By Maryann Santos, Program Director, Vision Technology Program, Goodwin College

You know that feeling when a patient tries on an ophthalmic frame and you know that the others just won’t do. That “we have to stop right here, that’s the one” moment. It feels good as an optician to help a patient find a frame that looks, fits, and feels good. Being able to fit patients with frames that suit them in fit, functionality and fashion (the 3 F’s) is what sets a mediocre optician apart from a super star. A way to be successful in the dispensary is to develop a plan on how to approach the frame fitting experience for your patient. Always begin by examining the patient’s prescription, as this may limit your frame choices. An example is a very high plus prescription (+8.25-0.50x20) would not be aesthetically pleasing in a semi-rimless frame.

The next step is what some refer to as lifestyle dispensing. This is where you get to know your patient. Find out their type of work, hobbies and interests. Your job is to find out how they use their eyes during the day. This patient/optician relationship development will help not only find the best lenses, but also the type of frame.

Would a rugged frame serve them best? Titanium for its durability and lightness? Subdued tones or colorful zing and zest? We can find out a lot about a patient in a short while as you develop a genuine rapport with them.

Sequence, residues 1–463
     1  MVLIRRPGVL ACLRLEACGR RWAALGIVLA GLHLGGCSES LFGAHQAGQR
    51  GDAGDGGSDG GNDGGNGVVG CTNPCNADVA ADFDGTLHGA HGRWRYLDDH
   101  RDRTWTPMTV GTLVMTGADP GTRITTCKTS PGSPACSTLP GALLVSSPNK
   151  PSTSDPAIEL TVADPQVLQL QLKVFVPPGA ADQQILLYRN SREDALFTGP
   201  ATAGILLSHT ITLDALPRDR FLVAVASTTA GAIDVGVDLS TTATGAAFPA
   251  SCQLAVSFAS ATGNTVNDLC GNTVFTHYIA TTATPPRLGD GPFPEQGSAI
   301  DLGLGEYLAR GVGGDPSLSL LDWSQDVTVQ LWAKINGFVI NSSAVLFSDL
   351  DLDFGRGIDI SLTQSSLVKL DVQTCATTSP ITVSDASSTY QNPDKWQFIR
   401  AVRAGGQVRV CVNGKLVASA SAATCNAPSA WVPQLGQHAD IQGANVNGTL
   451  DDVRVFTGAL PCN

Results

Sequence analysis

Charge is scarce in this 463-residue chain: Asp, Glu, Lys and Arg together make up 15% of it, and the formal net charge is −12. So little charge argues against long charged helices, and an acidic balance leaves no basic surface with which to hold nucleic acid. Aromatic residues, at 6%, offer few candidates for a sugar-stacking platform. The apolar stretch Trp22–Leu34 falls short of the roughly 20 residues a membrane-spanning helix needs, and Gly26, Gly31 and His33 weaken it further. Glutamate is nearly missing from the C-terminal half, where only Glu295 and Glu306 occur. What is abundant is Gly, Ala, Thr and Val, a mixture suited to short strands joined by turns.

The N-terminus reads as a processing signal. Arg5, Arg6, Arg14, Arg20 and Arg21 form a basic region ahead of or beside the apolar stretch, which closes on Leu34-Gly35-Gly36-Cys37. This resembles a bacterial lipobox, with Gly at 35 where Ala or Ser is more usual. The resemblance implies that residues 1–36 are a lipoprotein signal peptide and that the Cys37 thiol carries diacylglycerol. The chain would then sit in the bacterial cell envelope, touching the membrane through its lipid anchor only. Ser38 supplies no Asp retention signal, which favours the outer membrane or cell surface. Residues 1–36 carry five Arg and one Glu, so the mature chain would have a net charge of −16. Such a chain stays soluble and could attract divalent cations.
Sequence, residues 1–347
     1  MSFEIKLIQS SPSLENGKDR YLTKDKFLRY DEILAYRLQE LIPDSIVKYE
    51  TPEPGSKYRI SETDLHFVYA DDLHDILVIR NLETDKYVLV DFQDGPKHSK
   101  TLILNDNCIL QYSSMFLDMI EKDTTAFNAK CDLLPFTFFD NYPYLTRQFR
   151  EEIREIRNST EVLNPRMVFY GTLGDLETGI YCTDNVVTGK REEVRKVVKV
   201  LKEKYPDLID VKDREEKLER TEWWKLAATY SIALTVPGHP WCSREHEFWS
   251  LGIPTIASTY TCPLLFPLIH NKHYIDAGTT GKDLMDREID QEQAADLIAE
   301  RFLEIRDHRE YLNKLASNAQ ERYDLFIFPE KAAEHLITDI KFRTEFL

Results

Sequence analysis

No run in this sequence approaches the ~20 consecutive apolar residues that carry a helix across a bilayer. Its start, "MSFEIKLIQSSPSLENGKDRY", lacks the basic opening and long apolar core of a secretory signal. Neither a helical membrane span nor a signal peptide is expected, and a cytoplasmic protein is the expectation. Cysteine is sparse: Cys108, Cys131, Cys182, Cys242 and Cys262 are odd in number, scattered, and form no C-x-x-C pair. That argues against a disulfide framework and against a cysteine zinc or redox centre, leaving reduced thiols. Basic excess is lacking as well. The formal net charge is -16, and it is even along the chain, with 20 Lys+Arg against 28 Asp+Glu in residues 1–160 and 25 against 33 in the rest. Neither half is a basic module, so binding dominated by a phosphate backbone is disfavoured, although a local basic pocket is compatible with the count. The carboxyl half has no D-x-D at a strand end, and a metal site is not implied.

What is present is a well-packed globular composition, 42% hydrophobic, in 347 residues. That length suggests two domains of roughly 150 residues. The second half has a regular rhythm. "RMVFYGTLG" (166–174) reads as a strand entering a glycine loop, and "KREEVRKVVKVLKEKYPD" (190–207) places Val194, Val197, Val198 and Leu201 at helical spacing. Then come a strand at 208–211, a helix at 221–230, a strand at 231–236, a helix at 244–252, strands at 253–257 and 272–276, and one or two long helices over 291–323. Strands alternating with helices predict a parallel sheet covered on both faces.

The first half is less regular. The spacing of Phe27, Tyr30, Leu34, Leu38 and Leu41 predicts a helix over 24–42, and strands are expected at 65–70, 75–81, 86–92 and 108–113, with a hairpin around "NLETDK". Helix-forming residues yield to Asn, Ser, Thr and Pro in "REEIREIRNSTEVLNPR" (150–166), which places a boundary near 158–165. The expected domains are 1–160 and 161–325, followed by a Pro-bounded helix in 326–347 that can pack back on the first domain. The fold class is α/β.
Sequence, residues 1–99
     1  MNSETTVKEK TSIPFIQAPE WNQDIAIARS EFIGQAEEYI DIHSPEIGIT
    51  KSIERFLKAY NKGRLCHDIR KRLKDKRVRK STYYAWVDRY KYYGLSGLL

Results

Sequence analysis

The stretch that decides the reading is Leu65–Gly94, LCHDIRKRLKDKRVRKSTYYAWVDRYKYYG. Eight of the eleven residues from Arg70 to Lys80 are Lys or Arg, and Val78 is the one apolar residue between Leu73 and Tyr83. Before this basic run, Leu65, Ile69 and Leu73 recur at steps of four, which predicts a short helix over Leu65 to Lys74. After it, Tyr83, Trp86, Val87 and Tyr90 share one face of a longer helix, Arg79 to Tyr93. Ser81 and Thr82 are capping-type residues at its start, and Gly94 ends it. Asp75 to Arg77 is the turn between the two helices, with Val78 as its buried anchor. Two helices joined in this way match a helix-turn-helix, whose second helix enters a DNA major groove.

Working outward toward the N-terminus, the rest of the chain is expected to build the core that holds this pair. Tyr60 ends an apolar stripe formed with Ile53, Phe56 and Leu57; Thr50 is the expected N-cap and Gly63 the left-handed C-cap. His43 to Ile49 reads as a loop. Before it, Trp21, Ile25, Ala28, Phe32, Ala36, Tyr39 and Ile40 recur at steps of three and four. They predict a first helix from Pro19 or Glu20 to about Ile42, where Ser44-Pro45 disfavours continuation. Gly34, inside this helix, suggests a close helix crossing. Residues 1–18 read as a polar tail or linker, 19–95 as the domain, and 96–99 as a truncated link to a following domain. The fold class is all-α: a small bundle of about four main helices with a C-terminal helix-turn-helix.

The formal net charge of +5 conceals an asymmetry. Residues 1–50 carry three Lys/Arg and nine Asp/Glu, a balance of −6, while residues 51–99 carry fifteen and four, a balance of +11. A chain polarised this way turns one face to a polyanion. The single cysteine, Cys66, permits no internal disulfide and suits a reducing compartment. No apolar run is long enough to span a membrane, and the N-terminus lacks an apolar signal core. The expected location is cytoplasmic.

I like to see what the patient’s previous frames look like and then ask them what they liked and disliked about them. I have them put them on if they didn’t come in wearing them. I examine the fit and see how I can help improve upon that. I always start with the bridge. I find frames that fit the bridge best and work from there. Patients can see and feel the difference between an ill-fitting and good fitting bridge. Simultaneously, I am pulling frames that fit the bridge and the eyesize. Once I/we find the proper bridge and eyesize we move on to shape. I say try them all! Round, oval, rectangular, square, even unique shapes, as we are sometimes surprised. The same goes for color.

The goal is to make this experience pleasant, fun, and a bit educational. The pleasurable part arises from you getting to know who your patient is as a person. Determine what colors look good on them, what their style is (conservative, artsy), and what they do for fun. A pleasant experience may bring referrals and that patient back the next time they need new eyewear.

You will be able to gauge the level of fun you will reach when interacting with your patient. It may not go any further than a smile, but the goal is to get to a point where the patient is actually enjoying choosing their eyewear with you.

It is possible and essential to weave education into the fitting of eyewear process. Explaining why a certain frame shape or design will not provide the desired results, or talking about frame material features and benefits shows the patient that you are a professional. You will likely expand your patient base by incorporating the 3 F’s and making the experience pleasant, fun, and educational because you are a super star optician!

To learn more about how to provide eyewear that will enhance patients’ features as well as provide them with improved vision, better performance and superior fit and comfort, check out our CE, The Journey from Expert Technician to Creative Artisan, at